The various "ecozones" that make up the Lynn Woods create a unique blend of wetland life. A series of pools located around Mount Moriah at the southwest portion of the reservation are heavily used by wood frogs. The high elevation and minimal overhead tree canopy provided an excellent sunning spot for young tadpoles. Down the slope to Birch Pond lies a trio of pools which harbor a strong local population of spotted salamanders. Heading north, a few hundred feet from the westernmost arm of Walden Pond, is a small, extremely temporary depression, which attracts dozens of spotted salamanders from the high upland around surrounding it.

One active wood frog site located in the woods just south of Burrill Hill is hidden amongst a dense expanse of young birch trees, aptly named the "Birch Pool." Similarly, at a site on Bow Ridge near the water tower, a thick, near-impenetrable wall of brambles and high-bush blueberry encircles the shoreline (a sort-of KEEP OUT sign for unsuspecting researchers). An attractive site just off Oxbow Road north of Walden Pond is a haven reserved for fairy shrimp, an obligate vernal pool crustacean. The pool contains a handful of granite boulders, great for standing on and peering into the water for these miniature fish-like creatures.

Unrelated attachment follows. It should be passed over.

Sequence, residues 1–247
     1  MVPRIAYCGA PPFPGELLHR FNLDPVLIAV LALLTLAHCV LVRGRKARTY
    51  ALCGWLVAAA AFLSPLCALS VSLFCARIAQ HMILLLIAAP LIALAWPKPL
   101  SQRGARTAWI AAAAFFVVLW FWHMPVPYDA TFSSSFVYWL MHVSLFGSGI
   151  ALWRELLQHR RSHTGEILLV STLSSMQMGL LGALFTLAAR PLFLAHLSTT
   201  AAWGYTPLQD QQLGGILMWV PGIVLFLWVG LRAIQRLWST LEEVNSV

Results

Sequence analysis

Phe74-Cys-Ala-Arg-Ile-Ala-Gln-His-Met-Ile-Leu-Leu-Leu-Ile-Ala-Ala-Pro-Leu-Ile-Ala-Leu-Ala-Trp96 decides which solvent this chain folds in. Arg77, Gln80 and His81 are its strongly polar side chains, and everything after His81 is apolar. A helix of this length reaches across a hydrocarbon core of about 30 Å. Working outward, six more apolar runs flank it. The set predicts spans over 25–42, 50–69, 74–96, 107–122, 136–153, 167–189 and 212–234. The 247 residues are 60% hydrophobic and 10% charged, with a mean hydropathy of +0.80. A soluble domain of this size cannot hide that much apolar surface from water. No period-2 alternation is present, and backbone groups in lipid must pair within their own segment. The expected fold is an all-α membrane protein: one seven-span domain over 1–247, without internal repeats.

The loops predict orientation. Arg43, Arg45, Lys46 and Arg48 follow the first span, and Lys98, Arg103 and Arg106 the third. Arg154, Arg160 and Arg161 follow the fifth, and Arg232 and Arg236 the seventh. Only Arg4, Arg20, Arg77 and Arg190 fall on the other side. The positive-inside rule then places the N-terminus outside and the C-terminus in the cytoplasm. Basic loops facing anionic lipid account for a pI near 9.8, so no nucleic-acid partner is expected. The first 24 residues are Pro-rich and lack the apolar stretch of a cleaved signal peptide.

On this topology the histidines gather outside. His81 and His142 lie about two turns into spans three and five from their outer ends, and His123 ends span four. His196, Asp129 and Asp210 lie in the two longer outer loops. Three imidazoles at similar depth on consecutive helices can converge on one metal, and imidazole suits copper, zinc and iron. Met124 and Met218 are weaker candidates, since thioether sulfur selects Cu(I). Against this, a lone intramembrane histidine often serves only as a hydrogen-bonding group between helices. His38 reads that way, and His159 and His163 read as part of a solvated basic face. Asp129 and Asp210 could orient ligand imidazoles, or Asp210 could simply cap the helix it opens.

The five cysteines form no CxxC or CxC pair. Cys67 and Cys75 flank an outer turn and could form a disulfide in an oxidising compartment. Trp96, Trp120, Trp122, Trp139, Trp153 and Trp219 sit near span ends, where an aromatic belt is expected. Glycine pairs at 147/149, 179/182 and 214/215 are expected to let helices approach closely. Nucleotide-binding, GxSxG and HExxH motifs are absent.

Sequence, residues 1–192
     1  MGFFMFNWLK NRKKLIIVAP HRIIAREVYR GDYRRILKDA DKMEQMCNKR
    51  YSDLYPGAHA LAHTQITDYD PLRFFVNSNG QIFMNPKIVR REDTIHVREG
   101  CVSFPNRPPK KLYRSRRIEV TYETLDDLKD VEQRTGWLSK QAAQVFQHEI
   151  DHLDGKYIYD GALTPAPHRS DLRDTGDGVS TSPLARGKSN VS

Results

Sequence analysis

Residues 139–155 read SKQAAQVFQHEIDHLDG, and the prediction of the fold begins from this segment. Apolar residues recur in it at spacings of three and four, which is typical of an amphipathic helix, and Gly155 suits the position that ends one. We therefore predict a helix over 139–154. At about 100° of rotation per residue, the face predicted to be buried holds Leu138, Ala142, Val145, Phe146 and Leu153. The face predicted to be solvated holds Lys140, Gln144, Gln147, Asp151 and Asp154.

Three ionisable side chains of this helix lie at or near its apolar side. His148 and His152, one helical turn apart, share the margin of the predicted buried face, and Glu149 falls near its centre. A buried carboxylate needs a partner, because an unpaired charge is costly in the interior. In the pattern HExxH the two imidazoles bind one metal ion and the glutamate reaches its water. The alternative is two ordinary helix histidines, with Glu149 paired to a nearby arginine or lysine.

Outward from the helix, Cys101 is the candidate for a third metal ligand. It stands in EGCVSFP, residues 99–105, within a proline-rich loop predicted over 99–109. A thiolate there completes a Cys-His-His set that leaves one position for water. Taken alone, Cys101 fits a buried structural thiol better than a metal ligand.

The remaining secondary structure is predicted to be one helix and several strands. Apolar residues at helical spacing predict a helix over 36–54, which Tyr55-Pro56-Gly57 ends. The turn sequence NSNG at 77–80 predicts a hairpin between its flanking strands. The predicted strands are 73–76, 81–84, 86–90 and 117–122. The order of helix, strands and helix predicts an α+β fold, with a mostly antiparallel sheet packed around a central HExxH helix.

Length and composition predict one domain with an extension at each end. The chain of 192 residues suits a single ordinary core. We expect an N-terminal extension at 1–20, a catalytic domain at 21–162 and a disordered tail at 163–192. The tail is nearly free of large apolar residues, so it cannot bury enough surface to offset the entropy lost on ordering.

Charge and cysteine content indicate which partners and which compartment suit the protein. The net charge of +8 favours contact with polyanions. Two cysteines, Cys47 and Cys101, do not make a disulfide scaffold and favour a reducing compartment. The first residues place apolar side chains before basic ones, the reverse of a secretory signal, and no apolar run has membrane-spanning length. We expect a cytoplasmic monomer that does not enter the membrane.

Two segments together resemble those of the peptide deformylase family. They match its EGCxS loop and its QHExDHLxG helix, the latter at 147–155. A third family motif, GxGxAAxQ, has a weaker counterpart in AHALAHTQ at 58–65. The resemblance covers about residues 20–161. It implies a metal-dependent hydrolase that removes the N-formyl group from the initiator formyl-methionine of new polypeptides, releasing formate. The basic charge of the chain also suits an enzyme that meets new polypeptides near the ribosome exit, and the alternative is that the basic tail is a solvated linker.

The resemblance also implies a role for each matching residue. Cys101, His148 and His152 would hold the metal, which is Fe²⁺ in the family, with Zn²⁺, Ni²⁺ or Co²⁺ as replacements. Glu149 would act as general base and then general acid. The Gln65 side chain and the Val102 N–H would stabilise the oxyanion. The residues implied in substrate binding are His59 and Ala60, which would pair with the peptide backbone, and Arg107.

See Also

July 2003

Kids' Day 2003

Plant Sale a Success

Concert Series Starting Soon

Old Names in Lynn Woods

Earthfest 2003